(Bloomberg) -- Sumitomo Mitsui Financial Group Inc.’s Chief Executive Officer said he is considering an expansion of the bank’s alliance with Jefferies Financial Group Inc. into Asia as he plays catch-up with Japanese rivals who moved more rapidly to build out their investment banking overseas.

The partners won more than 30 deals in bond and equity underwriting since they announced an expanded tie-up in April last year, Toru Nakashima, who took took the reins following the death of Jun Ohta in November, said in an interview in Tokyo. That move saw Japan’s second-largest lender agree to triple its stake in the US investment bank.

“It’s a faster pace than we had expected, it is going very well,” said the Sumitomo Mitsui veteran, who helped orchestrate the Jefferies stake increase under Ohta. After announcing last month that the pact will extend to Europe, the Middle East and Africa, Nakashima said Asia will be the next target. “If we do well in Europe, our discussion will naturally be, how about Asia?” he said, without elaborating.

Japan’s three top banks, with a combined market capitalization of about $245 billion, have sought to build out revenues from deals to underwriting in the US, either by hiring from banks like Credit Suisse that are scaling back, acquiring stakes or purchasing boutiques outright. 

Last year, Mizuho Financial Group Inc. acquired New York-based investment bank Greenhill & Co. in a $550 million deal to offer more advice on global mergers, and more recently said it plans to dramatically ramp up its expansion into private markets. Japan’s largest lender, Mitsubishi UFJ Financial Group Inc. invested $9 billion in Morgan Stanley at the height of the financial crisis in 2008, acquiring a 20% stake.

Nakashima said his bank had not been able to take advantage of relationships with US corporate clients due to weakness in equity underwriting. In the alliance, which seeks to fix that, the Japanese bank brings its balance sheet and debt capital markets expertise while Jefferies adds M&A advisory and equity financing services.

‘Big Gap’

In the US, Nakashima said his bank has been lagging behind Mizuho, which has been steadily expanding its Wall Street ambitions in recent years. 

“There is still a big gap. We are doing the collaboration with Jefferies in order to fill that gap,” he said. “In proportion to the number of clients, our investment banking fees have been very small,” he said. 

So far this year, the alliance appears to be benefiting both partners. Jefferies ranks fifth in US equity offerings, climbing eight places from the same period a year earlier, according to data compiled by Bloomberg. Sumitomo Mitsui ranks 12th in US investment grade corporate bonds this year, rising two spots.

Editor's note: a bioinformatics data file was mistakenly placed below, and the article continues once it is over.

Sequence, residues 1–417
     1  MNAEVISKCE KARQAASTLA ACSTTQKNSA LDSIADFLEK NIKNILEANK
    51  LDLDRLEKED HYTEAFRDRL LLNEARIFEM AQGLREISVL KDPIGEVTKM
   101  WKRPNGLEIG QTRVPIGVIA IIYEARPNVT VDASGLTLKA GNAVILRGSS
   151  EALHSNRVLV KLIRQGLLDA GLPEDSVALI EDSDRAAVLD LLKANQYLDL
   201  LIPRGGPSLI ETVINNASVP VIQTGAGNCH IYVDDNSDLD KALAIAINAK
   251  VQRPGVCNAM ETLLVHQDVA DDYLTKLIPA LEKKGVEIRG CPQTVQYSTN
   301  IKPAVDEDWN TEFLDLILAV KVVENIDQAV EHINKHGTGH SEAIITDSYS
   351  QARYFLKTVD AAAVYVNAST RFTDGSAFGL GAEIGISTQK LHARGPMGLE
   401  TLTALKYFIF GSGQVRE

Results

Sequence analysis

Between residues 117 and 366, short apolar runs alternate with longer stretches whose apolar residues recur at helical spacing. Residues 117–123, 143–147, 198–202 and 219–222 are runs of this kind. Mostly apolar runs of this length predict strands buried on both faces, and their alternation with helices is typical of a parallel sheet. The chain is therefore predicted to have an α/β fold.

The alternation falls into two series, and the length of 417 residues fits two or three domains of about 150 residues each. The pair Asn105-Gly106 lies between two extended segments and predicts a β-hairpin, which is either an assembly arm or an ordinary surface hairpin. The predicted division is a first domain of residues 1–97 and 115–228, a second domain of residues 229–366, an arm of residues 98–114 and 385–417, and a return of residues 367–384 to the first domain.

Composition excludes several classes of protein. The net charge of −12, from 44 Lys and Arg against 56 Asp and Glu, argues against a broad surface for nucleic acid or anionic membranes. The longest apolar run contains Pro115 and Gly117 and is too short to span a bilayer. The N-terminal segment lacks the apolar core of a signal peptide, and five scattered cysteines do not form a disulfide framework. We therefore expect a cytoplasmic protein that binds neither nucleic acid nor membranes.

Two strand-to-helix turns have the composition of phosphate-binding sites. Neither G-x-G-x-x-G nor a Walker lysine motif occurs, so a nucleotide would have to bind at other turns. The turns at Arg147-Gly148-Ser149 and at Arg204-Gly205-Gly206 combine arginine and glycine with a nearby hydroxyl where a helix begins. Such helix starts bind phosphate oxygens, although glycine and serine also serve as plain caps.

As part of the deeper ties between the two, Sumitomo Mitsui agreed to increase its economic ownership in Jefferies to as much as 15%, pending the blessing of regulators. So far, it has risen to about 9%, Nakashima said in the interview. The bank did not provide further details on the status of approvals. 

Read More: Sumitomo Mitsui CEO Ohta, Who Pushed Asia Growth, Dies at 65 (3)

Asked whether Sumitomo Mitsui has any intention to raise its stake beyond 15%, Nakashima said nothing is decided at this moment. 

Asia Ambitions

Nakashima, 60, joined the lender’s predecessor in 1986 and had long been seen as Ohta’s heir apparent. 

Under Ohta, Sumitomo Mitsui made acquisitions in Asia, investing billions of dollars as growth opportunities at home dwindled due to the country’s slow economic expansion and bouts of deflation.

The new boss plans to build on that expansion, saying his bank just made an opening gambit even after spending more than 500 billion yen ($3.3 billion) on deals across the region in the past three years. 

He said the bank is looking for acquisitions in Indonesia, India, Vietnam, and the Philippines, where it aims to build full-service financial conglomerates to tap the expanding middle class. 

Asset management is another business Sumitomo Mitsui is trying to scale up, but Nakashima said he is cautious about acquisitions right now, citing the hefty price tags such companies command.

“Investors told me not to buy asset management companies,” at this time, he said, referring to discussions on a recent investor relations tour.

“They said ‘it’s not the time. Take our word for it, since we, asset management companies, are saying so.’” 

--With assistance from Manuel Baigorri.

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